06 April 2015

Provenance was optional at 2015 TEFAF in Maastricht

by Angelina Giovani

The 28th edition of the European Fine Arts Fair, TEFAF, closed its doors on March 22, 2015, in Maastricht. It welcomed 75,000 visitors and collectors from 65 countries. It took place at Maastricht’s main convention venue, the MECC, which was splendidly decorated with floral assemblages, bringing together a total of 136,000 flowers. For those of you who have never been to a fair of this magnitude or never had a similar experience, it felt like fragments of history on parade.

TEFAF is where you go to view the finest works of art outside of museums. It offers you the possibility to walk away with a Picasso, a Rembrandt, or whatever you can afford. Almost all prices are available upon request and cannot be found on tags accompanying the images. One definitely needs more than just a day of wandering through the fair to get a feel for what really goes on. It is overwhelming and fascinating at the same time.

In most cases very little information accompanies the works of art, such as the name of the artist and the date of creation. In the instance where either of the above is missing, they are replaced with school and approximate date.

Provenance information is lacking in most of the 109 fine arts stands, including those in the paintings section color-coded in green and the Modern section in purple. Antiquities, marked in blue, are not included in the statistics below. A cursory study into the kind and amount of provenance included in the 59 stands of the Paintings area highlighted five categories in which to fit provenance information:

provenance on the wall,
provenance in the catalogue,
provenance in the gallery book,
partial provenance and
no provenance.

33 of the 59 painting stands included provenance information on the wall, next to the relevant work of art.

Out of the remaining 26 stands, 11 had no provenance information whatsoever, neither on display, nor in the catalogues.

Not every stand had catalogues. Most of those that did have one handed them out for free. Others were available for purchase at an average price of 20-25 euros.

10 stands offered partial provenance, meaning that there was ownership history only for part of the collection.

4 out of 59 stands confined their provenance information exclusively to the exhibition catalogue and only 1 of them was limited to the gallery book, which is not for sale.

The Modern section, in purple, is a different story. The provenance issue here is less acute because of the nature of the art. Although there were works by Ernst, Kokoschka, Kirchner, Klee, and an overwhelming number of works by Picasso and Matisse, most of the art was created in the post-1945 period, making the lack of provenance information barely justifiable.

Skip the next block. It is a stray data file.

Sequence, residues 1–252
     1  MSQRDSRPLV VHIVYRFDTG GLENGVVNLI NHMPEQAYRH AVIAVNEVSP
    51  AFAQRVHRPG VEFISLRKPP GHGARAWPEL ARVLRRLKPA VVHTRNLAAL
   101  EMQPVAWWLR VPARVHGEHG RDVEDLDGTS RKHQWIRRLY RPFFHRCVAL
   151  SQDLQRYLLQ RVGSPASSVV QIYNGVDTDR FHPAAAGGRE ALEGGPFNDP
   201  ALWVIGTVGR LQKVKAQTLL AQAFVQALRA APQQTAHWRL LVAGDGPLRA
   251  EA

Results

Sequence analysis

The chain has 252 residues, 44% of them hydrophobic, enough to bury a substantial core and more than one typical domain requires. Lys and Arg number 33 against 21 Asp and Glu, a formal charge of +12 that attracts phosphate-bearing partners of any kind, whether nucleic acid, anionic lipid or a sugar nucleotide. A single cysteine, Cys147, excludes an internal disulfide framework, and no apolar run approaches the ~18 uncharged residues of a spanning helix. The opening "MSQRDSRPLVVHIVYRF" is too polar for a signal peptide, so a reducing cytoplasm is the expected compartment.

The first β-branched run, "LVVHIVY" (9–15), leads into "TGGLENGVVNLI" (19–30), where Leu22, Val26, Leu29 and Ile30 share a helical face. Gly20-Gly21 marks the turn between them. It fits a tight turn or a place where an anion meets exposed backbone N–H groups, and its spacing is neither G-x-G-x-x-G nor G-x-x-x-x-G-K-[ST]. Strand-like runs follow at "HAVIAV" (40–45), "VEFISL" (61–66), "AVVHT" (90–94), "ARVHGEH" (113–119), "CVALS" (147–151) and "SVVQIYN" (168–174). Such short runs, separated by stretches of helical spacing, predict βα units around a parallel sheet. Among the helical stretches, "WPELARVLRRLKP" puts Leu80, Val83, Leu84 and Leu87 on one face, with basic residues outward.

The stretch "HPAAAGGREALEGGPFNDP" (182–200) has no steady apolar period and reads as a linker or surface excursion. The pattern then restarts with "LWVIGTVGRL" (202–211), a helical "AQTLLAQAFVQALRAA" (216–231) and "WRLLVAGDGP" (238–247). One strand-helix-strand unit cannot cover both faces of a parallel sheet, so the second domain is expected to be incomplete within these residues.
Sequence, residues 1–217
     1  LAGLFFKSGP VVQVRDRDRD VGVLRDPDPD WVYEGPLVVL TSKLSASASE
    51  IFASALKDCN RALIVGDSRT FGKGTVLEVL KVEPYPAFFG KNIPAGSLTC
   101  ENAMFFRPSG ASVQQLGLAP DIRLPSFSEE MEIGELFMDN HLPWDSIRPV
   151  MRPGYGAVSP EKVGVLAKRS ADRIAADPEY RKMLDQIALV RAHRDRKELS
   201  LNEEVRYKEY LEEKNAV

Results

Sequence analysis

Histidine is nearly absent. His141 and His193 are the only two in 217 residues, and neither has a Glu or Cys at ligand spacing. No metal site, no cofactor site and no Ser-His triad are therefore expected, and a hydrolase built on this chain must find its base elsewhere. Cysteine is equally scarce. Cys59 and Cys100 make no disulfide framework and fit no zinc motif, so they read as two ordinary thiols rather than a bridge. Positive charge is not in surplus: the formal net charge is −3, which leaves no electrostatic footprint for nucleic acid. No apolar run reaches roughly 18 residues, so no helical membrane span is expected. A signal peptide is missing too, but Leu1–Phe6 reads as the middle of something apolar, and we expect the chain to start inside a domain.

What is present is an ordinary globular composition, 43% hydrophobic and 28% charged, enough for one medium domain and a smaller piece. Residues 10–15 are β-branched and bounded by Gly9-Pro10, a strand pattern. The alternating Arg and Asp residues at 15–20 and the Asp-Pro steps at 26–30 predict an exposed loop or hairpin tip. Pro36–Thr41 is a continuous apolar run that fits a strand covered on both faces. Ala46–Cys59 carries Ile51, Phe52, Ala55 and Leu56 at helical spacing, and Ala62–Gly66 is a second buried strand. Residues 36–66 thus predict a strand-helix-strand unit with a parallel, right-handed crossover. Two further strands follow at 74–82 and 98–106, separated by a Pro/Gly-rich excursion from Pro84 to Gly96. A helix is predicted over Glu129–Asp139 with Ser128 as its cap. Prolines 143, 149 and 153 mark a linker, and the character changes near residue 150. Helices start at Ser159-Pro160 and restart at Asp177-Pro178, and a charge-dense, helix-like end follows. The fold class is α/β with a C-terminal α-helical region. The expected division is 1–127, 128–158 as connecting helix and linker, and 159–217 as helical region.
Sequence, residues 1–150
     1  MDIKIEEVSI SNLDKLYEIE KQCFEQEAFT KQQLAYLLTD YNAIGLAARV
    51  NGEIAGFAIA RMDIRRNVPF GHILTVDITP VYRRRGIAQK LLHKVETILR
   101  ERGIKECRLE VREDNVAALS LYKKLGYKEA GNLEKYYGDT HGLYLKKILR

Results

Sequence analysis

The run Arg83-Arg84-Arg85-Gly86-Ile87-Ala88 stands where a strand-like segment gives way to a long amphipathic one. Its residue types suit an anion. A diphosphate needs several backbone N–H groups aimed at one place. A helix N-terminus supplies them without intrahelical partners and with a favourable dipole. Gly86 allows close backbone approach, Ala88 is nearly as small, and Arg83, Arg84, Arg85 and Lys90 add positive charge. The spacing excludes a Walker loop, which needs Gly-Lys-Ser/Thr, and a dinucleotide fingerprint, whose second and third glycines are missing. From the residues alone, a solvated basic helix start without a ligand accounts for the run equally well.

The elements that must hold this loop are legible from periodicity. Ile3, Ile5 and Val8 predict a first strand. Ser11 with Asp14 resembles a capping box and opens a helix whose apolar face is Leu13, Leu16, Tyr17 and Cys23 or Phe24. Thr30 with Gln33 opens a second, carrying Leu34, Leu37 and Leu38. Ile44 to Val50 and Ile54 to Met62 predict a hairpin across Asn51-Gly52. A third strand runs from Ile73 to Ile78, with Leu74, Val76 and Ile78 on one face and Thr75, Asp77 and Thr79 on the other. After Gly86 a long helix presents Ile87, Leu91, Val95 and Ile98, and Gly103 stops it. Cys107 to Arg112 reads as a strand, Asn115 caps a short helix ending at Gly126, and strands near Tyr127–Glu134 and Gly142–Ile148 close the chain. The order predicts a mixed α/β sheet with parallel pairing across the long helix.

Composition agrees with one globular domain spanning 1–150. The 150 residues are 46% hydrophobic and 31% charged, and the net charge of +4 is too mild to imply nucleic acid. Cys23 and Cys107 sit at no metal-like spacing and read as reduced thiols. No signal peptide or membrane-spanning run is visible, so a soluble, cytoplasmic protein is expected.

Out of 50 modern stands only 6 had provenances on the wall and only 2 included partial provenance information. One of the dealers at the fair explained that the choice of what goes on the tag, is driven by aesthetics. “We like to keep our space clean and minimal, without a lot of text to distract the visitors from the actual pictures”. The Art Loss Register apparently vets all the works on display at each TEFAF but if history is any indicator, we should not hold our breath. The effort to document the ownership history of objects on display should be institutional and individual.

I looked for Caspar Netscher’s “Woman Feeding a Parrot” [Frau mit Papagei, or Lady with a Parrot] having become familiar with it during ESLI’s Provenance Research Training Program (PRTP) in Vilnius. I felt a sense of relief upon spotting it. 
"Lady with a Parrot" at Maastricht

HA 9-Frau mit Papagei
This painting had once been the property of a Belgian Jewish family, Hugo and Elizabeth Andriesse, who had to flee Belgium before the German invasion of April-May 1940. Recently restituted, the heirs—several American charities—decided to sell the painting through Christie’s in New York. Barely a year went by and the new owner, in an apparent attempt to cash in on the market highs, offered it for sale at Maastricht. Hope springs eternal, especially where millions of euros are involved.

There is something about standing in front of a work of art you know a lot about. But then I looked at the wall. The label accompanying the painting only contained basic information, even though unlike most works, it included the price, at € 6,700,000. But it somehow felt ‘naked’, without a story attached to it. The full provenance, sure enough, was included in the catalogue, which you had to ask for, since it was not on display. The painting is nr. 13 on the catalogue and the text retraced the Andriesse painting’s journey from Brussels, the ERR’s seizure of the work, its transfer to the Jeu de Paume in Paris, before going to Goering, the Bunker Kurfürst and leading up to the Wuppertal museum until it agreed to restitute it to the Andriesse heirs, without putting up as much as a whimper in 2014. Strangely, the work is not included in the fair’s sold highlights: did it actually sell?

This being said, melancholy sets in when one stands in front of a work of art that you admire, and the thought hits you that it could be the last time you will ever see it up close, before it ends up in someone’s private collection, probably in some faraway land.